Over-50s worried care costs will mean they lose their family home
Two out of three (66%) homeowners aged 50-plus are worried they will be forced to sell their family home to afford later life care, according Nationwide.
The building society found that nearly half (46%) of those aged over 50 expect to sell their property so that they can pay for assisted living support in a care home.
The cost of residential care has rocketed in recent years, with the typical cost now over £33,000 a year. In the last 20 years, it has been estimated that more than 330,000 older people have had to sell their homes to pay for care costs.
Older homeowners in the West Midlands are most concerned about affording elderly care (75%), while those in London are the least worried (60%).
But across the country most would prefer to have care at home rather than moving into a care or nursing home.
Nearly a quarter (24%) of those over the age of 50 would either consider moving or already have moved to a bungalow to avoid the need to go upstairs which would enable them to live independently for longer.
However, if older homeowners do need later life assistance, more than half (52%) would prefer to continue living alone with outside help from a daily carer that lives separately.
A further 23% would prefer to continue living alone, but with a family member close by for help.
Only two per cent would consciously choose to move to a care home if they needed support in completing everyday tasks.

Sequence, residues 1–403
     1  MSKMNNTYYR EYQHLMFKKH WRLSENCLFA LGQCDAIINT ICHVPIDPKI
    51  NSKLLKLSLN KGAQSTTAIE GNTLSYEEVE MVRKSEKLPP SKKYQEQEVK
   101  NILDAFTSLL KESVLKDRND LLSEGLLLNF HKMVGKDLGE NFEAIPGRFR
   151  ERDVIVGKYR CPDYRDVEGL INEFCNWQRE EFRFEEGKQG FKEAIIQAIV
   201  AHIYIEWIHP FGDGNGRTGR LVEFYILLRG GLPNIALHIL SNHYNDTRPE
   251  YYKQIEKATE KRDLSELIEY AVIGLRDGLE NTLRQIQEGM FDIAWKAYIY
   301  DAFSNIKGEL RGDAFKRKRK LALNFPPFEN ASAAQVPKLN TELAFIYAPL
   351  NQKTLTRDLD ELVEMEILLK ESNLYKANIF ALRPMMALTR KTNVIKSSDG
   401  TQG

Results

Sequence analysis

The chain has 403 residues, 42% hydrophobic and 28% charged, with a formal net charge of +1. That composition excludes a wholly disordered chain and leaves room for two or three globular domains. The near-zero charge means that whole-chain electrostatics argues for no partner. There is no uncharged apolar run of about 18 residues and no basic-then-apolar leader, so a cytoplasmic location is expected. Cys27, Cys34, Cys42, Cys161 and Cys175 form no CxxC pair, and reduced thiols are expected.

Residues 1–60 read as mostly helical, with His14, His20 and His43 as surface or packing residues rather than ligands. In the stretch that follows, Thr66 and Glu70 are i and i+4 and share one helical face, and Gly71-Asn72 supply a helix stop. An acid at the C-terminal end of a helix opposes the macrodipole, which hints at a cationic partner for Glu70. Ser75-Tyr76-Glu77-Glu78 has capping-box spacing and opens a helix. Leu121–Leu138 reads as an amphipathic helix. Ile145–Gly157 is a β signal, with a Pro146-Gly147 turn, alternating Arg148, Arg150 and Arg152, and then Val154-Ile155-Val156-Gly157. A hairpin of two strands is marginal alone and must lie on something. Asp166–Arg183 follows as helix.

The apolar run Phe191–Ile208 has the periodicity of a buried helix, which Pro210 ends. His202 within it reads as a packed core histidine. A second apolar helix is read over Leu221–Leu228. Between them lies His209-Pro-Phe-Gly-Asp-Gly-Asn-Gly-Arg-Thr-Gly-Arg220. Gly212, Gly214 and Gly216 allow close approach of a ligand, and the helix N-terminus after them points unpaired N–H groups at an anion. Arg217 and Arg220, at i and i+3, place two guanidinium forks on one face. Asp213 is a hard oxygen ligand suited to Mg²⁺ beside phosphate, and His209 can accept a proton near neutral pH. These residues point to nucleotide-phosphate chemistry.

How to fund care
If people are considering borrowing in later life, they should seek advice to ensure they understand all the options open to them as there is no ‘one-size-fits-all’ approach.
Jason Hurwood, Nationwide’s director of home propositions, said: “As life expectancy has steadily increased, so too has the challenge of funding later life care for many. To help people make their choice we need to consider their circumstances and outline all the available options. It is simply not good enough that they walk away with any product but the right product.
“If someone is looking to raise additional funding to pay for care, there are a number of options. One is to downsize or move to a cheaper area; alternatively, you could make changes to your current home that can support you as you grow older. Depending on your individual circumstances, releasing equity in your home is another option that many choose. However, this is a major financial decision and we’d always strongly recommend seeking independent financial advice to understand all of your options before progressing.”